Review: Daufuskie Island by John Lueder

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Publisher: Mountain Arbor Press

Publishing Date:  June 2016

ISBN: 9781631830334

Genre: SciFi

Rating: 3.8/5

Publishers Description: In this supernatural adventure, Evan and Caris St. John own a beach house on isolated Daufuskie Island off the South Carolina coast. After a hurricane strikes the island, Caris and their three children, Katie, Abby, and Will, discover a mysterious treasure chest in its wake.

Review: “Here’s the story, of a man named Evan, who was bringing up three very spoiled brats….all of them had hair of gold, like their mother…”  Swiss Family time travelers? Gilligan Daufuskie Isle? The Island of Evan Moreau?  It’s fun to be an ass, but in all fairness this was a fun read. The character development failed in areas where you found that you didn’t care if bad things happened to the family. More of a suspense generated novel without the emotive spirit. The too-ing and fro-ing in time coupled with major historical events was inventive and captured the imagination.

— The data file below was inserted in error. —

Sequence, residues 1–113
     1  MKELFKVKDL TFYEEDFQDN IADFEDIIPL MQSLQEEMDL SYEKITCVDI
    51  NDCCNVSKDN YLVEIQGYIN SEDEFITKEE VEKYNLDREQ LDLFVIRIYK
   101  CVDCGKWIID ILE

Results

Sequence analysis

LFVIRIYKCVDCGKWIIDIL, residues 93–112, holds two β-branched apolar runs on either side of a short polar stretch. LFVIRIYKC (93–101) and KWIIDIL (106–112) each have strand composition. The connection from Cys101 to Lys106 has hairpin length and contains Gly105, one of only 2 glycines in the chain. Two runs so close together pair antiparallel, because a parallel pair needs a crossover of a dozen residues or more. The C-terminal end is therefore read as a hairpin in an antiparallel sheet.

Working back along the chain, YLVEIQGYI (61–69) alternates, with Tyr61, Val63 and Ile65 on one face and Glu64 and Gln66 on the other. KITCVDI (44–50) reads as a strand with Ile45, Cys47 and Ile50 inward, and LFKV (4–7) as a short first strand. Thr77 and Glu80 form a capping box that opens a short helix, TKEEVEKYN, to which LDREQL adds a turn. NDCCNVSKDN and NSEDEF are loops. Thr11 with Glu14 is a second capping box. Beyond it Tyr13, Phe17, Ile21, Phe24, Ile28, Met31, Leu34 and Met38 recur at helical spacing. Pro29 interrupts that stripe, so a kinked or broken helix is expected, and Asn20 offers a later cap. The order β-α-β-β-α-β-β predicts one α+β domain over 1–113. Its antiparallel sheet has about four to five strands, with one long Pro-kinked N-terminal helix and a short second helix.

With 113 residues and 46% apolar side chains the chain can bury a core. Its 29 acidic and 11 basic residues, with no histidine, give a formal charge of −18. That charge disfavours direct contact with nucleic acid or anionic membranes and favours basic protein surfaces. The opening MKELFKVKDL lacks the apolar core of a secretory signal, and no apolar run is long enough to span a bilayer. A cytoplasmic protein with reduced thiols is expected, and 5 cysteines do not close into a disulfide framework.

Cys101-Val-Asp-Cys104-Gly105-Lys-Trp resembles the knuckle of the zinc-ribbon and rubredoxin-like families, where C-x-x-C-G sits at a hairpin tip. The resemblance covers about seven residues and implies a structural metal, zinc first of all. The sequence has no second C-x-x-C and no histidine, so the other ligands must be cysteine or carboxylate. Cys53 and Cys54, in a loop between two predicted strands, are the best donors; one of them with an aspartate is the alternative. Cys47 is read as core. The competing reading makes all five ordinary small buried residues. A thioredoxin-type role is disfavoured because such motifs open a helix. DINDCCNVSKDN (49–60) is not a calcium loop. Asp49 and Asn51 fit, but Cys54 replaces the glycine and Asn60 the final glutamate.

Review: Hell Fighters From Earth by William Seigler

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Publisher: Waldorf

Publishing Date: November 2016

ISBN: 9781943848423

Genre: SciFi

Rating: 4.3/5